‘No amount of memory is adequate for a lifetime,’ Bill Gates famously remarked. As a result, if you plan to run intensive programs, you may run out of memory, and even doubling the total memory with an update may not be enough. You hit the ceiling too quickly with soldered memory.
As a result, you’re restricted in terms of updates while using soldered RAM. There are many factors to consider here, since the soldered module is permanent and can only be de-soldered for upgrades on rare occasions. Even the vacant slot may be rendered unusable if the soldered memory has difficult-to-match requirements. Some of the damaged cells of a soldered RAM may become faulty, which you can detect with the Sysmark MemTest86 program, and there’s nothing you can do about the blue displays that occur from time to time. You can only save your data if you have a backup.
Is it possible to repair soldered RAM?
Despite my desire to say no, there are certain guaranteed answers, but they are exclusively restricted to service centers. If your soldered memory fails during the warranty period, you’ll be in luck, since a simple RMA will either repair or replace the device. Good luck with the saved data, since you won’t be able to back it up until you make it a practice to back up critical data on a regular basis. Memory issues may not manifest themselves immediately, and once they do, the laptop becomes useless until they are resolved.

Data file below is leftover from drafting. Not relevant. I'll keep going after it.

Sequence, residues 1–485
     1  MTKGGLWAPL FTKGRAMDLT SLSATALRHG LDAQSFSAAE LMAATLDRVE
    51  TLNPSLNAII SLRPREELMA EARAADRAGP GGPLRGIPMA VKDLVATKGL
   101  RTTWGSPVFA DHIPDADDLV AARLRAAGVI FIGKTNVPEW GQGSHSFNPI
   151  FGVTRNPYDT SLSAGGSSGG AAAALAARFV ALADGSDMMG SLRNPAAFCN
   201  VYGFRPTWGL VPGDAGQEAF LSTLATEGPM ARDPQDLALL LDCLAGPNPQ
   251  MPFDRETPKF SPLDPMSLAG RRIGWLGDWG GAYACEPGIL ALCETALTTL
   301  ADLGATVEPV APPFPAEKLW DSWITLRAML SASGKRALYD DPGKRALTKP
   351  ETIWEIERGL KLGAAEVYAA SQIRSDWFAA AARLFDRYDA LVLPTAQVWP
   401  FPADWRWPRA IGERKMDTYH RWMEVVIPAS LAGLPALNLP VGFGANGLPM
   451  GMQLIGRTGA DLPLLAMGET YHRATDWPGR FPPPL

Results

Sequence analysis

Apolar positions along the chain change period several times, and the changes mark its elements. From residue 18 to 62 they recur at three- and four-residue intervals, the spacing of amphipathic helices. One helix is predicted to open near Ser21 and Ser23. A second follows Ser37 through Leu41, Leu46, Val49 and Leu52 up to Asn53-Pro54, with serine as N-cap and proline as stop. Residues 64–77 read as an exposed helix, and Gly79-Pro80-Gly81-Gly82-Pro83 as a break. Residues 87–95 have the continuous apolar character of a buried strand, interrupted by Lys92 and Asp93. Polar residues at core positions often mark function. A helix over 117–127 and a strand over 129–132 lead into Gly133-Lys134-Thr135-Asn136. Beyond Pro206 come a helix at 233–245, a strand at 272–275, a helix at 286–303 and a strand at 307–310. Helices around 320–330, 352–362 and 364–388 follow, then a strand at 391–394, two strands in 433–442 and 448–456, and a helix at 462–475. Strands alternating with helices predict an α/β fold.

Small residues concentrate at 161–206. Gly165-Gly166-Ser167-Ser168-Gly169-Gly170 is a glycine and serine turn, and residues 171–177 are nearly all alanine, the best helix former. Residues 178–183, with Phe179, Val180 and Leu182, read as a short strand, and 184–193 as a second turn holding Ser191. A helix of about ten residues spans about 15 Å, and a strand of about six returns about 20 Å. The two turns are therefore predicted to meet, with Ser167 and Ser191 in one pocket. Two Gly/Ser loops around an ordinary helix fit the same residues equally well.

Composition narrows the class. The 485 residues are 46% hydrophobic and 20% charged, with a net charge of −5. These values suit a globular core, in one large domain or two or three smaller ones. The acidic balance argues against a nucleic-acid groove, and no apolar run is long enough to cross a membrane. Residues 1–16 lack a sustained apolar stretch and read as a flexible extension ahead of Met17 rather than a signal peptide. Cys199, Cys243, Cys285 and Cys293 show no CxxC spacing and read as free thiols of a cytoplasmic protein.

Upgrading an old house is a do-it-yourself project. It is not possible to repair or replace soldered memory.
If you are outside of warranty, you may be required to pay an expensive fee to a local expert (with no assurance of success) as well as a premium to the service center for the complications involved. Interfering with soldered RAM raises the risk of the mainboard being damaged. Once the de-soldering process has begun, it is difficult to stop in the middle since the solder points are typically hidden under the RAM stick. There’s a lot of complex circuitry all over the place, and even a little hiccup or calculation error may cause the laptop to blow up.
A faulty soldered memory would almost always need replacing the whole motherboard, since even a repaired soldered RAM does not ensure long-term performance. Replacing the whole motherboard after the warranty has expired may be very expensive, and adding a few dollars to the expenses would buy you a totally new laptop.
What Are the Signs That Your RAM Is Soldered?